To stop Eddie, Richard also has to take down Christian overachiever and class vice president, Clarissa, the target of his nasty “harlot” riposte. (Kathleen Niemann stepped into the role late and delivered a fine take on nerd-girl histrionics—I say that as a former high-school nerd girl.) His frenemy, Buck (Tamara Rozofsky), who uses a wheelchair but doesn’t get the same grief for her disability from Eddie, sees through his schemes, but prefers not to get too involved once she helps Richard knock smarmy, patronizing Clarissa out of contention. His English teacher, Miss York (Liz Cloud), is blind to his ambitions, even when, in a bit of foreshadowing, he lays out the how-tos in Machiavelli’s The Prince point by point in class. But when Richard woos Anne (Courtney Rikki Green), Eddie’s ex and a talented dancer, things get much stickier.

Unlike Shakespeare’s original, Green’s Anne is a fully dimensional person and not merely a plot device. Indeed, Lew makes this her story even more than Richard’s. But it’s also significant that Lew has taken the questions of what drives Shakespeare’s antihero and given them a relatable contemporary makeover. 

Is Arney’s Richard morally warped because of how the world treats him as a person with a disability, or is he an inherently off-putting person who uses that disability as an excuse for his behavior? (Is he depraved on account he’s deprived?) Does the politics of dominance, so pronounced in our current shitshow, turn everybody into a dick? 

By putting Anne’s own relationship with Richard in a central place in the story—first acceding to his transparent pleas for sympathy in asking him to the Sadie Hawkins Dance, then actually growing to like Richard as she teaches him some dance moves and shares her own vulnerabilities—Lew creates a mirror for the nondisabled audience members. What is the line between compassion and pity? Anne and Richard’s joyous dance in the gym (sharp choreographic work from Jake Ganzer) is followed by a gut-punch turn into tragedy that feels like a reminder that all of our lives are fragile, pandemic or no pandemic.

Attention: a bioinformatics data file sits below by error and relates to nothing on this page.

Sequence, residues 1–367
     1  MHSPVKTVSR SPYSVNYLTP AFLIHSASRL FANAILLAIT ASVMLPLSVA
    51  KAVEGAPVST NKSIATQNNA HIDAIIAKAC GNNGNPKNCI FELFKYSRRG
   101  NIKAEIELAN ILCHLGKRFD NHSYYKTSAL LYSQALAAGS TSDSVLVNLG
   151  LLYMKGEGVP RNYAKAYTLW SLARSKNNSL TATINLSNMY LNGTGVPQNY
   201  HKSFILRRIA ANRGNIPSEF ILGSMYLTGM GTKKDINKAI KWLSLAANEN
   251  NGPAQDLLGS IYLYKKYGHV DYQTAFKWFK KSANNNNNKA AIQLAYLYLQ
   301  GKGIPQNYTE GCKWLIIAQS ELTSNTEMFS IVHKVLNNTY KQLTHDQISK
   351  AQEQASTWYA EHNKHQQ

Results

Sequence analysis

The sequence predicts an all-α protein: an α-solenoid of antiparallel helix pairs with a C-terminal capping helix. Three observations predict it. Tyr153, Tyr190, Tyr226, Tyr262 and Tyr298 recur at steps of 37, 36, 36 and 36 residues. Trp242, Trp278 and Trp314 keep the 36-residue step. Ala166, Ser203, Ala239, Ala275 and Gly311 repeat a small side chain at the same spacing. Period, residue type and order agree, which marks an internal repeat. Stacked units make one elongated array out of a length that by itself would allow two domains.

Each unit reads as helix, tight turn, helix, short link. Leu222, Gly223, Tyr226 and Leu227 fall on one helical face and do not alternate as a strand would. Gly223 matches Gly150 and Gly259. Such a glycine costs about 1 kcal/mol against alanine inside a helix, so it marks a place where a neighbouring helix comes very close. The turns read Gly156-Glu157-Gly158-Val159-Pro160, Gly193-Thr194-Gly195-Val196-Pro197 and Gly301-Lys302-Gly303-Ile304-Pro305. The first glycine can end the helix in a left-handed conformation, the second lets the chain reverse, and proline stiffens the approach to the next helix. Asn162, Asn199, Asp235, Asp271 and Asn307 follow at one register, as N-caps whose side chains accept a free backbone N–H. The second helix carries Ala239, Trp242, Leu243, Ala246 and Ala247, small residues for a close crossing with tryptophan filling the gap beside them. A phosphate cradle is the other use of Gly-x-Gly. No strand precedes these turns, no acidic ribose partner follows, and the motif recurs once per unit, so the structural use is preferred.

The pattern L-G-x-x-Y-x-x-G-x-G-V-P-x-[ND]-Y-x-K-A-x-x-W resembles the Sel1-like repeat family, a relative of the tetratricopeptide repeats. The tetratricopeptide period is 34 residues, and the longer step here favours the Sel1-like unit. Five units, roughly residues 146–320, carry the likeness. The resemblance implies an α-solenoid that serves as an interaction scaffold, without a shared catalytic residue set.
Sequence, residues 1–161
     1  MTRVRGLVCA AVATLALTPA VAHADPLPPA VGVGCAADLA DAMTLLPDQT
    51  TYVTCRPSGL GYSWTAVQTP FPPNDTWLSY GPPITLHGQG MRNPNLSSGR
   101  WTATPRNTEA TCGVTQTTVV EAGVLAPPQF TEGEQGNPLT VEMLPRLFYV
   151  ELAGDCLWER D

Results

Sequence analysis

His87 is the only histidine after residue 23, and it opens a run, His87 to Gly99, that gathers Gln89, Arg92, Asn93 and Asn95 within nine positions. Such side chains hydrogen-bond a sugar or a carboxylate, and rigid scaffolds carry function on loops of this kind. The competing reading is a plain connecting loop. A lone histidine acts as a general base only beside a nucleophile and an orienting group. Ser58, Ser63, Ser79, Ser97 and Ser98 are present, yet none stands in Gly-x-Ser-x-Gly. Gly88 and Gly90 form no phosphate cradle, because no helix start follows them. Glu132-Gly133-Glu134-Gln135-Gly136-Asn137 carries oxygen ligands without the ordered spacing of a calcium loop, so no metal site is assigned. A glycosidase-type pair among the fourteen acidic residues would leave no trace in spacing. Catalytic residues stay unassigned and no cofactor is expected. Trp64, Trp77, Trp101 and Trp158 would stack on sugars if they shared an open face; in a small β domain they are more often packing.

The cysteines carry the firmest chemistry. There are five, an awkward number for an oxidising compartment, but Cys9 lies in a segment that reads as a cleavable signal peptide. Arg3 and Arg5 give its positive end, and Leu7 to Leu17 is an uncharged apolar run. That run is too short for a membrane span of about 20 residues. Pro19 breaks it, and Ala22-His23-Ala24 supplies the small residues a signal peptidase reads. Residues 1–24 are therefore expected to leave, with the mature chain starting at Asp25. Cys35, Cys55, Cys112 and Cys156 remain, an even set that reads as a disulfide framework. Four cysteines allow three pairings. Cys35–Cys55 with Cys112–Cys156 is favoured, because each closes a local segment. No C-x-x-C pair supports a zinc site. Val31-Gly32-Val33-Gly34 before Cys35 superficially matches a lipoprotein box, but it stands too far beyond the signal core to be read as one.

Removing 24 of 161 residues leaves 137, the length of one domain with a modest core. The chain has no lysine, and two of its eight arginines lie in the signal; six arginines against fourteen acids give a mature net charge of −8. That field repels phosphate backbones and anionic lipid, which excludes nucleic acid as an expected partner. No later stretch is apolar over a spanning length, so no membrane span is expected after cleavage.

A character with a disability who isn’t there to make people without disabilities feel good about themselves, or to serve as what disability rights activist Stella Young terms “inspiration porn,” is still, sadly, a rare thing in theater and film. Richard is indeed a teenage dick: watching him both onstage and on video, I was reminded of a line from the 2005 documentary Murderball, about the U.S. mens’ Paralympic rugby team. A friend of team member Mark Zupran, who became a quadriplegic after a car accident, noted that Zupran hadn’t really changed: he was “an asshole” before his accident, and remained one afterward. It’s also notable that Rozofsky’s Buck has the confidence Richard lacks, and doesn’t feel the need to lash out at everyone around her.  “I’m not like you, yearning to fly beyond nature’s boundaries like some kind of disabled nerd Icarus,” Buck declares.

It’s especially meaningful to watch this story unfold online when one realizes that access to theater itself is often a limiting experience for both artists and audience members. Director Balcom, Rozofsky, and Arney are all artists with physical disabilities. In the online postshow discussion, Balcom noted that access barriers to theater also include cost and geographic limitations. Theater Wit is charging for the livestream, but they’re also paying their artists through the run. (Wechsler notes that they worked out an arrangement with Actors Equity to make this online version of the production possible.) 

Watching the show on a screen isn’t the same as watching it live. But in these times, it’s a good way to help keep the theater flame alive. And it’s also a reminder that even in good times, it’s often the only way many people ever get to experience the liveness and community of theater.  v